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Friday 1 November 2019: All Saints Day

What would Jesus do?

Ephesians 1:11-23; Luke 6:20-31 or Matthew 5:1-12


By Duncan Macpherson

Features Editor, retired University teacher and Roman Catholic Deacon

Context: an evening Mass in a socially mixed parish, preaching to a mainly adult congregation

Aim: drawing from the various divergent readings in the lectionaries, trying to communicate that we cannot rely on our own strength to become saints.

In the Bible belt of America, asking ‘What would Jesus do?’ is a popular way of trying to decide difficult questions. Some asked whether Jesus would vote Republican or Democrat. Some environmentally conscious Christians are asking what kind of car Jesus would have chosen! However, even to ask such questions stretches the imagination too far. Jesus never even saw a car. He knew nothing about mobile phones, I-pods or play stations either and there were no elections in first century Palestine.

He lived one life at one time. Like any other human, the Jesus who lived on earth had limited experience. He was a man and not a woman; a Jew and not a gentile. He was a first century man who probably never travelled very far, was not married, had no children, never experienced his fortieth birthday and never had the opportunity to grow old.

So, since he lived long ago and far away, with a very limited range of human experience--maybe his example not much use for showing how to live our lives today.

How to be happy

But Jesus is risen from the dead and we can see him in his Body, the Church. We see him in his saints. So, who are his saints and how did they get that way? We can get our answer by looking either at the list of what makes people blessed or happy as recorded either in Matthew’s ‘Sermon on the Mount’ or ‘Luke’s Sermon on the Plain.’

They are men and women who followed his teaching and became happy because they were not only ‘poor’ but, as Matthew tells us, ‘poor in spirit’ also. They knew God’s kingdom was gift rather than something God owed them because they were rich or important or because they were good.

They were gentle, and it was they, rather than pushy aggressive types, who inherited the Promised Land of heaven,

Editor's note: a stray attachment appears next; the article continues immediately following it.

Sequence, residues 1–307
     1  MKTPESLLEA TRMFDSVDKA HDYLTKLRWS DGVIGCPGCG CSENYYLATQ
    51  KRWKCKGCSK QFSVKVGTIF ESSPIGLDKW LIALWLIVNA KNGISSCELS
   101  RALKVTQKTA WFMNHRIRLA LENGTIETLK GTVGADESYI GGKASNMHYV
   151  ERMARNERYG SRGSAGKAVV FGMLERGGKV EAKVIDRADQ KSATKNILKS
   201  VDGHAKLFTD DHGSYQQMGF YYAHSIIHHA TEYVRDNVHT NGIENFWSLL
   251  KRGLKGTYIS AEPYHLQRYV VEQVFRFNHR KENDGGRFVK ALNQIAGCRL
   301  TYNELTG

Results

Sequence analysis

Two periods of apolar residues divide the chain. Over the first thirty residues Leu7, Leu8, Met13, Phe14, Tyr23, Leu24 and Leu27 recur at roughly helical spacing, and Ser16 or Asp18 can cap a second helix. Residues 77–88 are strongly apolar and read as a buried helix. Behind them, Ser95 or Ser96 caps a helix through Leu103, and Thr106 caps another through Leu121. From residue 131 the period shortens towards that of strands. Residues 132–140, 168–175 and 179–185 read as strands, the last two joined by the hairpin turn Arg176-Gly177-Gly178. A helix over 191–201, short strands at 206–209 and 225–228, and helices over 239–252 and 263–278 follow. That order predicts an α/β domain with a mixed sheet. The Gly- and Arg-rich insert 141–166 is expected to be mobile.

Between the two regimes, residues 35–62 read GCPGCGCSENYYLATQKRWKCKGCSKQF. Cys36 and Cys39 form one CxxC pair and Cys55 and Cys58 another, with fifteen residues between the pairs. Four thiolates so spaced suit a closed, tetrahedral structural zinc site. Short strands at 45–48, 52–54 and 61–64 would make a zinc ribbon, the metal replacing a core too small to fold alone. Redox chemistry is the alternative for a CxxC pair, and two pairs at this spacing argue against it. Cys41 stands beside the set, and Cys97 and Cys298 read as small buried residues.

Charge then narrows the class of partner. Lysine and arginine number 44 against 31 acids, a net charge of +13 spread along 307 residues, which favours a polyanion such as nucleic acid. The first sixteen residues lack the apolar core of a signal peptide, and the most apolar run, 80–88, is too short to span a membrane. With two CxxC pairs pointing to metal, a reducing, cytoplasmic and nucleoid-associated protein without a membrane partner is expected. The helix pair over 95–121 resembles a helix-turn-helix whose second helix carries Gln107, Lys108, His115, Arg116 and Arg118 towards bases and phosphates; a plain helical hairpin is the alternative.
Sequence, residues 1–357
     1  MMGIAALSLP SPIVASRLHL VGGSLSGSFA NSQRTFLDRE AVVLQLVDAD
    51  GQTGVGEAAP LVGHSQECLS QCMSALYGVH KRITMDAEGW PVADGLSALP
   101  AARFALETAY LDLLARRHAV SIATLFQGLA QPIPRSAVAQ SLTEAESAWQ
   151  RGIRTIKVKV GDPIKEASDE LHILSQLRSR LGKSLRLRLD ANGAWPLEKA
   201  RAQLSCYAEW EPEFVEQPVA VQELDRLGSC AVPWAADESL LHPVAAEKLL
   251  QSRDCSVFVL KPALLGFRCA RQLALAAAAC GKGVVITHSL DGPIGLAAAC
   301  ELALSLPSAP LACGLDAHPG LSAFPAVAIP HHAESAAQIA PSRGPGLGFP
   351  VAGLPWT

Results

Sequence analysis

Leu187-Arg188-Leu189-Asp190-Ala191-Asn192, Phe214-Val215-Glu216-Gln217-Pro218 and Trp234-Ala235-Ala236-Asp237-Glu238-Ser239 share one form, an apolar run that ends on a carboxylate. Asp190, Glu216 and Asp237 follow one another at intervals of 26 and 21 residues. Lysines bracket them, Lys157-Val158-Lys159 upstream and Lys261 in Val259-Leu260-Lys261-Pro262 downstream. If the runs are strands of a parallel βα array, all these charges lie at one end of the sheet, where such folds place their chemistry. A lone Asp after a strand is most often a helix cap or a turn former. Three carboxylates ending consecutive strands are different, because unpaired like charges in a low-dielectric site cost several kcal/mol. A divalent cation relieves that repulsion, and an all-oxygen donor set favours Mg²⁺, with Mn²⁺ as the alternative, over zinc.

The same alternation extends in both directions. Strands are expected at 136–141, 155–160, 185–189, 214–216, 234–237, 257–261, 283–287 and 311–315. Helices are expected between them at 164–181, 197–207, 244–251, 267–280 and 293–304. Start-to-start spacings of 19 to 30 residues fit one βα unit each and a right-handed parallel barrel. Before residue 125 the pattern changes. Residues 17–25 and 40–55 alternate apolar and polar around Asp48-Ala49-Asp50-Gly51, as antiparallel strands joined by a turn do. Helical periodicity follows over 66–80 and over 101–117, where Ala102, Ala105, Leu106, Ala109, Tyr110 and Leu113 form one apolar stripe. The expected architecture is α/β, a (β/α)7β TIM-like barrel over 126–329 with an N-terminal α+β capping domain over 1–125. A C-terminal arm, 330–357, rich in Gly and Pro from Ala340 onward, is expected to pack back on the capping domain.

They mourned. They were sad, but for the right reasons—because of the unfairness in the world--and they were comforted by God, or as Luke tells us, they will laugh.

They were merciful and were rewarded by God’s mercy for them.

They were hungry and thirsty for justice, single minded about wanting to see God— ‘pure in heart’—and they were satisfied.

Their work for peace made them God’s children.

They were ready to put up with being bullied for what was right and to put up with all kinds of insults for being Christians. As a result, they are happy now with ‘a reward that is great in heaven.’

Varieties of Holiness

The saints lived in every place and in every time. Only a fraction of them named as saints by the Church, some people we have known —some of our own friends and family even. They spoke different languages; they were different colours, belonged to different cultures and had different temperaments. They all had on thing in common: they did not rely on their own strength to become saints. They became saints ‘because of the love the Father lavished upon them.’ They ‘washed their robes white again in the blood of the Lamb’ and now they see God as he really is.


And now they are our friends in heaven. They show us the face of the risen Jesus. They show us how he would want us to act in the important decisions in our lives. They inspire us by their example and help us by their prayers. In the Eucharist we celebrate the victory of Jesus over death and Jesus calls us to be like the saints. But like the saints, we cannot win with our own strength only by the lavish love of God and the blood of the Lamb.

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